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Australia, US, India and Japan lock in cyber security cooperative

Allies Australia, Japan, US and India are set to work together on bolstering cyber security with initiatives aimed at strengthening protection for user data, software and supply chains after meeting in Tokyo this week.

user icon Nastasha Tupas
Thu, 26 May 2022
Australia, US, India and Japan lock in cyber security cooperative
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According to a Quad Joint Leaders’ statement, the leaders committed to sharing threat information and identifying potential risks in supply chains for digitally enabled products and services aiming to improve the collective cyber security of critical infrastructure.

Following the meeting, the White House revealed the countries are set to collaborate on work aimed at enhancing the "software development ecosystem", in a statement.

"Aligning baseline software security standards for government procurement, leveraging our collective purchasing power to improve the broader software development ecosystem so that all users can benefit.

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"The Quad partners will coordinate capacity building programs in the Indo-Pacific region under the Quad Cybersecurity Partnership, and will initiate the first-ever Quad Cybersecurity Day to help individual internet users across our nations, the Indo-Pacific region, and beyond to better protect themselves from cyber threats," the White House said in a statement.

Chinese hackers have been linked to a range of cyber breaches in each country, particularly disruptions that targeted critical infrastructure. Last December, Chinese threat actors allegedly targeted energy provider CS Energy in Queensland, which almost fell victim to the ransomware attack, but managed to narrowly avoid the shutdown of generators that could have blacked out three million homes according to security analysts. Meanwhile, Indian officials accused China of attempting to hack their power sector, targeting seven facilities managing the electricity grid in Northern India last month according to Bloomberg.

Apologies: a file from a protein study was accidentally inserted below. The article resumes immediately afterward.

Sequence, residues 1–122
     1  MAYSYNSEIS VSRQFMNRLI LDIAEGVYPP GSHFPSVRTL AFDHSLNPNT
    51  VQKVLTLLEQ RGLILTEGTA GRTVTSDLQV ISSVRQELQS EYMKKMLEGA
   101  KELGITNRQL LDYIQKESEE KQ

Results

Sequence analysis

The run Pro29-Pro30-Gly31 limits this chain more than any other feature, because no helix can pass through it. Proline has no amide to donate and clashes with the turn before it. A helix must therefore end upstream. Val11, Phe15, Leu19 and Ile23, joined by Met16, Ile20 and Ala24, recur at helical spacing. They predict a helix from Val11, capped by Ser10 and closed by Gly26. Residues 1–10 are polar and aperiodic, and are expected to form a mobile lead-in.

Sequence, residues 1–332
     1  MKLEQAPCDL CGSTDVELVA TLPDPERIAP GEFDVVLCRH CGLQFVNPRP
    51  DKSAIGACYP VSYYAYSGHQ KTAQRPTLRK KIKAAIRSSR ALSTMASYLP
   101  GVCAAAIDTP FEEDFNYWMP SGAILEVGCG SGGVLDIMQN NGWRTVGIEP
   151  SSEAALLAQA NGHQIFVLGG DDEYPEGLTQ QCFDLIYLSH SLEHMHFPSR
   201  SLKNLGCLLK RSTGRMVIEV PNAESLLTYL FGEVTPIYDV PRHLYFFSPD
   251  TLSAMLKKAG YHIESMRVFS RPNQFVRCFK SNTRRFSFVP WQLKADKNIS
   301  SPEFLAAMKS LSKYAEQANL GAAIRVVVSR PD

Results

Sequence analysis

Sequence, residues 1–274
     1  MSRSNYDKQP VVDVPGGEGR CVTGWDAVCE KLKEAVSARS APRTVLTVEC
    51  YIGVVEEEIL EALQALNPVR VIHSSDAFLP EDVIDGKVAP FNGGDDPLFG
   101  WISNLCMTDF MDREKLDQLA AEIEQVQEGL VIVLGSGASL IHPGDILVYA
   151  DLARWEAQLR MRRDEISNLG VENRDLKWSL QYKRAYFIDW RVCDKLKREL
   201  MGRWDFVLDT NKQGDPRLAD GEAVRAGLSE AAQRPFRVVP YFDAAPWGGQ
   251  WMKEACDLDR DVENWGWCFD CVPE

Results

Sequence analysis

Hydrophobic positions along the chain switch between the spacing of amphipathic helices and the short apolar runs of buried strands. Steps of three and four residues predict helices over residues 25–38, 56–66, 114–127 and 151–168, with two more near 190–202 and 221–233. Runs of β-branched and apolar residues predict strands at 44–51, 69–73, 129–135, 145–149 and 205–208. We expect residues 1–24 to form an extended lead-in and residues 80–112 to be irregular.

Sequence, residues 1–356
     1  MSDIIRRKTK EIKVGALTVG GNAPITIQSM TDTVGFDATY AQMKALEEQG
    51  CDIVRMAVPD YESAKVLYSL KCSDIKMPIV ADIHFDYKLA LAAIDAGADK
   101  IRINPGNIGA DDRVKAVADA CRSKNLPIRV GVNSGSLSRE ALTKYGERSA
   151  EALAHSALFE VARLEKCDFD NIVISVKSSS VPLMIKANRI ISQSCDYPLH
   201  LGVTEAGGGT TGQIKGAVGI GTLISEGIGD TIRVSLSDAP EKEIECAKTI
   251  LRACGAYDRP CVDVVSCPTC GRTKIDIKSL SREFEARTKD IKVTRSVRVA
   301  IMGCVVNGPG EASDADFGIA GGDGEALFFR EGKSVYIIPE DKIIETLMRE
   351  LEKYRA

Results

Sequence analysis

Chinese officials criticised the fortification of cyber security protection initiated by several countries, including those in the Quad over the past few years. According to CNN, China accused the US of "trying to stoke "geopolitical rivalry" with an "Indo-Pacific NATO" in response.

Last year, the US, Australia and Japan accused state-backed Chinese threat actors for hacking the Microsoft Exchange email server software that exploited the software's vulnerabilities according to AP, with the aim of gaining access to hundreds of computers and devices.

The Quad leaders are set to meet again in Australia for the next in-person summit in 2023.

[Related: A spotlight on scams at national Law Week 2022]

Nastasha Tupas

Nastasha Tupas

Nastasha is a Journalist at Momentum Media, she reports extensively across veterans affairs, cyber security and geopolitics in the Indo-Pacific. She is a co-author of a book titled The Stories Women Journalists Tell, published by Penguin Random House. Previously, she was a Content Producer at Verizon Media, a Digital Producer for Yahoo! and Channel 7, a Digital Journalist at Sky News Australia, as well as a Website Manager and Digital Producer at SBS Australia. Nastasha started her career in media as a Video Producer and Digital News Presenter at News Corp Australia.

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